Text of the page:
Spring is here! The grass is riz! I wonder where the… oh. It’s still freezing. I wonder if one way to put a stop to this appalling, never-ending winter – other than flinging oneself on the next flight to Antigua - is to write about it. Whinging on in print about the rubbishness of the weather will surely instantly herald blazing sunshine and balmy breezes? Hmm, still raining, I see. Oh actually, that’s sleet. Let’s keep trying. “This is a very late spring indeed,” says the National Trust spokesman. No kidding, cupcake. Frogs are going back into hibernation, and who can blame them? I haven’t had a single conversation for months that didn’t revolve round fleece-lined tights. Little versions could perhaps work for frogs’ legs. And I have never before needed such a stiff drink after opening the gas bill, which was about the same amount as a flight to Antigua.
For years, it never snowed. As a child I prayed hopelessly every winter for a thick layering of the cold white stuff, but my prayers went unheard; now as an adult I pray for it not to snow, and the sky chucks it down non-stop. No wonder I’m an atheist. About fifteen years ago, during the era of usually-not-snowing, it snowed briefly, and though this was considerably too late for my childhood, I hadn’t yet become jaded. Man of the House and I squeaked with excitement and dashed from our Cooksbridge home into Lewes to buy two blue plastic sledges from Homebase, or Texas as I believe it was then. Of course, the snow had already melted by the time we got home, and the sledges spent the next decade forming a crucial bottleneck in the shed, preventing us from reaching the secateurs and other tedious gardening implements.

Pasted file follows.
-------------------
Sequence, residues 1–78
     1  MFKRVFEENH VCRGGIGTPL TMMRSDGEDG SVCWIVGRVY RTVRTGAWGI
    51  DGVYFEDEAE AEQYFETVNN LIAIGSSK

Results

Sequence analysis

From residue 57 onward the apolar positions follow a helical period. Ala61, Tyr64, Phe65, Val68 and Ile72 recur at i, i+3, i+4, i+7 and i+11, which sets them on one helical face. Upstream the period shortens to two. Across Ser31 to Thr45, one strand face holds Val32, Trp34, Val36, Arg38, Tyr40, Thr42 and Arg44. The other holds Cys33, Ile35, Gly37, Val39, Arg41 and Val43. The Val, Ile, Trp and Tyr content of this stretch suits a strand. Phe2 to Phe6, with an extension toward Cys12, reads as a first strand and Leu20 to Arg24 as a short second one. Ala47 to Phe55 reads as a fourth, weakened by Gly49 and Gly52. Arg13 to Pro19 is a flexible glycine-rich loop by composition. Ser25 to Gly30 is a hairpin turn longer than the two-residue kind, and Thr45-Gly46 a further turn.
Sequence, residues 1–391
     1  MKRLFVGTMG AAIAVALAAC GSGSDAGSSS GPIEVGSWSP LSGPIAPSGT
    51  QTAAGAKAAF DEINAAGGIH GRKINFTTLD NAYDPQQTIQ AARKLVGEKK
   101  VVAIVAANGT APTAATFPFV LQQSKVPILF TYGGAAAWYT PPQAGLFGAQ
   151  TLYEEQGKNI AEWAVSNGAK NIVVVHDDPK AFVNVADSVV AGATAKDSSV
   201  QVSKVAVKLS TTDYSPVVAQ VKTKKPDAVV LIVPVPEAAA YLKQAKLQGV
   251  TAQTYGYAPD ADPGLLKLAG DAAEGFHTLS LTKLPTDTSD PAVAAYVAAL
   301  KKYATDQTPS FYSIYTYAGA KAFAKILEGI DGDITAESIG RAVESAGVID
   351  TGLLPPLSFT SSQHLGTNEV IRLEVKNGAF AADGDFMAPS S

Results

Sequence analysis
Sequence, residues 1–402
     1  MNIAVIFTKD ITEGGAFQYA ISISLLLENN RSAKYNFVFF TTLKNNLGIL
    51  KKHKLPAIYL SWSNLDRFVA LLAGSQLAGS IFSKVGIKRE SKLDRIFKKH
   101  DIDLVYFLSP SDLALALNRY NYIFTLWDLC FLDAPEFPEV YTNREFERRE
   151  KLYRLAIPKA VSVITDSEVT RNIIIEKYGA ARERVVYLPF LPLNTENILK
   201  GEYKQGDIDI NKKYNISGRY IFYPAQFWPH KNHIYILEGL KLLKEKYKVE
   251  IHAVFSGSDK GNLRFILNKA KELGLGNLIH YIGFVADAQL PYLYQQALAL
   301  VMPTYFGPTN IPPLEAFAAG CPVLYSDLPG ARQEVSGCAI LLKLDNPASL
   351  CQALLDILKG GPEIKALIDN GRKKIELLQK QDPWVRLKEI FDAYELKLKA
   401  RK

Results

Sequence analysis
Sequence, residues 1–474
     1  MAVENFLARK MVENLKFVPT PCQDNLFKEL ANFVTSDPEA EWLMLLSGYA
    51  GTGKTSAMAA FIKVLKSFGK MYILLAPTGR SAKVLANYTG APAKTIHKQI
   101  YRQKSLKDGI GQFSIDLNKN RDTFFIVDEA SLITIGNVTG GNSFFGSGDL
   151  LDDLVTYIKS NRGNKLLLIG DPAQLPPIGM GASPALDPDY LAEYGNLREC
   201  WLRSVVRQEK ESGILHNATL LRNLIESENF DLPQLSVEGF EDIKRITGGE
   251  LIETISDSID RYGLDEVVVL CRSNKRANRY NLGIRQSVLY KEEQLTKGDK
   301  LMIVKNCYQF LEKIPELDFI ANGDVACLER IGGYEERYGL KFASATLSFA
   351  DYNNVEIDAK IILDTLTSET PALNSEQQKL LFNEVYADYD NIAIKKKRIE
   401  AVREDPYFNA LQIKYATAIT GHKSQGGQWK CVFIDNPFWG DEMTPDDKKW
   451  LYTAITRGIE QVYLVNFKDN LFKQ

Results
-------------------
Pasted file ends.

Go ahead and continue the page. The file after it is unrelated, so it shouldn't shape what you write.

Our children have had a completely different experience. Since they’ve been sentient it has snowed pretty much every winter (and this year, in March as well). Global warming, natural climate variation, snow fairies working extra shifts, call it what you will, the kids expect snow as their birth-right. They gaze at us with disbelieving eyes when we warn them each autumn that it doesn’t always snow, that they should prepare for disappointment. Their disappointment preparation is very poor, I’m afraid; they would never get a badge in it like we 70s kids did.
So we’ve passed on the pristine blue sledges to the younger generation, who have a graded system of local slopes (Baxters Field, steep but crowded; Paddock, more space to build snowmen; Priory ruins, less steep, but exciting bit where you can either whizz through a gap in the wall or get concussion). This isn’t working at all because now I see the wind has got up, making the rain dance sideways. For goodness sake! I guess it is we adults who need to work on our disappointment preparation a little harder: we must get ready for there being no spring.
Beth Miller, 18th March 2013. Published in VivaLewes.com